by Bill Snyder

Facebook’s new Live Video could wreak havoc on your data plan

Mar 03, 2016
CarriersConsumer ElectronicsFacebook

Everybody loves live video, and Facebook knows it. But just a few hours spent using its new Live Video feature each month could quickly eat up your wireless data allotment and cost more than you think.

facebook logo mobile devices
Credit: REUTERS/Dado Ruvic

Live video can be really compelling, and Facebook is making it easier than ever to watch live content on your smartphone or tablet. The social network said this week that it plans to bump up live videos to the top of users’ news feeds with its new Live Video feature, which lets people broadcast live video via Facebook.

But there’s something you need to keep in mind. If you don’t have an unlimited data plan, that live video could burn through your monthly allotment quickly, unless you only watch video when you’re connected to Wi-Fi.

Live video rough on data plans, batteries

How much data will this live video consume? That depends on a number of factors, including the quality of the video. If you watch standard definition streams, Netflix says it will run you 0.7GB an hour. Chances are you won’t stare at your phone’s screen for an hour, but even a five-minute video eats up about 58MB of data.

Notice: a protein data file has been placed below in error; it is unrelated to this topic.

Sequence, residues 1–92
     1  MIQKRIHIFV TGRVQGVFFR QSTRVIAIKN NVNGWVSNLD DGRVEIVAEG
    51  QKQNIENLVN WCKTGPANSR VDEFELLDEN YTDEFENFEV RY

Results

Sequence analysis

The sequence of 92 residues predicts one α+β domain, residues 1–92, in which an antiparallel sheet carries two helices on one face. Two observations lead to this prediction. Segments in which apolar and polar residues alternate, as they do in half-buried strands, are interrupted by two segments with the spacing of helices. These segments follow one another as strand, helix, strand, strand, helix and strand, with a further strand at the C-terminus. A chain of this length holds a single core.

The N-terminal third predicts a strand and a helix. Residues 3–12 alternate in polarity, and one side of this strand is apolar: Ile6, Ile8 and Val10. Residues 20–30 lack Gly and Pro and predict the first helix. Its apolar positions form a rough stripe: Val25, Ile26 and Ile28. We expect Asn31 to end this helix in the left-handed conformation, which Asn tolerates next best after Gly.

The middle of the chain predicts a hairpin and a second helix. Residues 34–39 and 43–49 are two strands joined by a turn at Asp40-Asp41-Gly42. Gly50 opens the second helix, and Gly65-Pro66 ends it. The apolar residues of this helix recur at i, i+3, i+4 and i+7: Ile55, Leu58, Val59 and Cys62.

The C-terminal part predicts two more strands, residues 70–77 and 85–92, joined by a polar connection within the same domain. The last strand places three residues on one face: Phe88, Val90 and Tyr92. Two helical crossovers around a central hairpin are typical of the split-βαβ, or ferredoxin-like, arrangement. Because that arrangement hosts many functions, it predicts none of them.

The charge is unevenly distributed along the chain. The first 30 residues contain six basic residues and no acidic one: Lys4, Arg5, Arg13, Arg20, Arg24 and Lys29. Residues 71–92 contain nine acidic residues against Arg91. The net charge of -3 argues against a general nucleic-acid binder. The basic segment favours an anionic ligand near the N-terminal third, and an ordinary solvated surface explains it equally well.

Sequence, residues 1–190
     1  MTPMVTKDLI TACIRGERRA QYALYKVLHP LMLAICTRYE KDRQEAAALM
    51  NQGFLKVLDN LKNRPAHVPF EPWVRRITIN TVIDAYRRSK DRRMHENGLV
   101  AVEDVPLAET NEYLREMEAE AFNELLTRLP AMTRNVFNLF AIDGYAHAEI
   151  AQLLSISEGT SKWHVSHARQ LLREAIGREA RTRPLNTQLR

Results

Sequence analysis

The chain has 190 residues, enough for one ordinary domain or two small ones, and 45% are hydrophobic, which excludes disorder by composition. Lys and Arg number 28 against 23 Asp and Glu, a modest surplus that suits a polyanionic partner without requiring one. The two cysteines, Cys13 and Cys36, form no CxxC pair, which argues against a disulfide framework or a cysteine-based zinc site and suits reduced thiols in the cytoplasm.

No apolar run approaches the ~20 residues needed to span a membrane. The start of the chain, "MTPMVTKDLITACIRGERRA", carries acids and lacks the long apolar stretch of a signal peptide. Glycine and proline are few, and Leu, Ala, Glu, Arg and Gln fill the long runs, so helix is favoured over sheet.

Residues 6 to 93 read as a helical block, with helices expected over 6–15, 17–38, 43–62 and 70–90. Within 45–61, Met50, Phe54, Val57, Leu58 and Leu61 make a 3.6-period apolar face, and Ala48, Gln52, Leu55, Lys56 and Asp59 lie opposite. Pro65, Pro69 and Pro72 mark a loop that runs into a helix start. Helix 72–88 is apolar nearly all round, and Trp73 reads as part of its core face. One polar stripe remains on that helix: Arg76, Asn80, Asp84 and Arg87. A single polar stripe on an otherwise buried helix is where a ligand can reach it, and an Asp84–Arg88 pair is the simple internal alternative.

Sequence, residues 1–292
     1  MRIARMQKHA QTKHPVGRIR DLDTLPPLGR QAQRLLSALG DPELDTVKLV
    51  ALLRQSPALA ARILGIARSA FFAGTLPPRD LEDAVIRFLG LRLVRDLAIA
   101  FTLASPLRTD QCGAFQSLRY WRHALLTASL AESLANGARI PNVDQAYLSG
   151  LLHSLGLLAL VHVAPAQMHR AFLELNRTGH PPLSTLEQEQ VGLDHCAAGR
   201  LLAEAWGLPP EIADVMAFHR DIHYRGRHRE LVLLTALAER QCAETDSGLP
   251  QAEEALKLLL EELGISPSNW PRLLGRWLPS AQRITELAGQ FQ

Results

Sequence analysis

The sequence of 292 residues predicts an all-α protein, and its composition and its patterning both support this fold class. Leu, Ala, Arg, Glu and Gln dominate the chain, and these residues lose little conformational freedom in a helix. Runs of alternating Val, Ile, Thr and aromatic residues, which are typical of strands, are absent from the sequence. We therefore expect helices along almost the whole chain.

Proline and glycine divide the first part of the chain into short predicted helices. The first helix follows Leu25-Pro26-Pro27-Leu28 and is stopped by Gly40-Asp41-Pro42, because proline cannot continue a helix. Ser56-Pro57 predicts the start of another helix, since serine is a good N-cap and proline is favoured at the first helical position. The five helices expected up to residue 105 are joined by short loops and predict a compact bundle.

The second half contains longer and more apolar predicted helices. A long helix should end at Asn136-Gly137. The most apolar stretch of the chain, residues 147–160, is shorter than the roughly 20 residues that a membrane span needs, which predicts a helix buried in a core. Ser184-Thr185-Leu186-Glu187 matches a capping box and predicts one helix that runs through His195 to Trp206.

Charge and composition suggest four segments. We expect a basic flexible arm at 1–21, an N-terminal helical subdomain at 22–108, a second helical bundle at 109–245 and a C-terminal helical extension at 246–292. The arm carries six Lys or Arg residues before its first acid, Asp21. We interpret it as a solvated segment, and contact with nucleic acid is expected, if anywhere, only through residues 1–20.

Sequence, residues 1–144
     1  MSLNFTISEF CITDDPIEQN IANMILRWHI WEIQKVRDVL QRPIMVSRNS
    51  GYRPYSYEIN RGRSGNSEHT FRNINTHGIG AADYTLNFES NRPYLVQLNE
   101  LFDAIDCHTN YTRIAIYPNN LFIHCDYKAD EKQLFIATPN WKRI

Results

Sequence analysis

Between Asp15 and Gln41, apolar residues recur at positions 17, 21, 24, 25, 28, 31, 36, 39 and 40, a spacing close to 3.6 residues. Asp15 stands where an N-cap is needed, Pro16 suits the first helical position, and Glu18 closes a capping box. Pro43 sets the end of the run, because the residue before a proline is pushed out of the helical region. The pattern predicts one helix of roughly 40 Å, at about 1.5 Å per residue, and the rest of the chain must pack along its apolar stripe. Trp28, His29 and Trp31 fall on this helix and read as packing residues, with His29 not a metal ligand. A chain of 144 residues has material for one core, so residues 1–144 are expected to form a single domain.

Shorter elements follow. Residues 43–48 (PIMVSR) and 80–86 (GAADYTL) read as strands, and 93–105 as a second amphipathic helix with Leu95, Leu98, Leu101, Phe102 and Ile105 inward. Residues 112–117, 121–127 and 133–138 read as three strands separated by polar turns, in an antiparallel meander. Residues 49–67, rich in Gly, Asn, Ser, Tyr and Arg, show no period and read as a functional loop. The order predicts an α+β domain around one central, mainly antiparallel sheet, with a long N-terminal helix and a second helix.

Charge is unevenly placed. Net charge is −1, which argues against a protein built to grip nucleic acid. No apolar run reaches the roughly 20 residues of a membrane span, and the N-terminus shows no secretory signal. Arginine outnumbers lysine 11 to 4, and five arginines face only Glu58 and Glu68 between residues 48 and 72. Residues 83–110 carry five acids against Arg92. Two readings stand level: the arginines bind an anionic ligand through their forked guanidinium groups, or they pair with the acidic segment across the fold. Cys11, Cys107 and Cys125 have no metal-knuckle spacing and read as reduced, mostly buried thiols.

Facebook Live Video will also drain your phone’s battery faster, and that could quickly become an annoyance.

Facebook is obviously aware that videos make people use its service for longer periods of time, which — of course — is the point. In a blog post announcing the change to the news feed, Facebook said, “People spend more than 3x more time watching a Facebook Live video on average compared to a video that’s no longer live. This is because Facebook Live videos are more interesting in the moment than after the fact.”

The post does not address the issue of data drain, which is a problem for wireless carriers as well as users. Streaming video accounts for an enormous share of Internet traffic. In November, Facebook said it delivers 8 billion video views per day, or double the amount of views it delivered in April. Much of the activity on Facebook occurs on mobile devices, so that has to be a major strain on wireless networks.

Facebook Live Video and ‘zero rating’

One potential solution to the data problem for users would be the so-called “zero rating.” If zero rated, Facebook’s video traffic would not count against users’ monthly allotments. Zero rating is a controversial tactic, however; Facebook tried it in India with its Free Basics service, but regulators saw it as a violation of net neutrality and banned it.

Facebook could also reduce the quality of its live video, as T-Mobile didwhen it launched the Binge On offering. I asked Facebook if has similar plans, but have not yet received an answer. 

The bottom line: Live video is cool, and I’m not knocking it. But it could cost you more money than you think.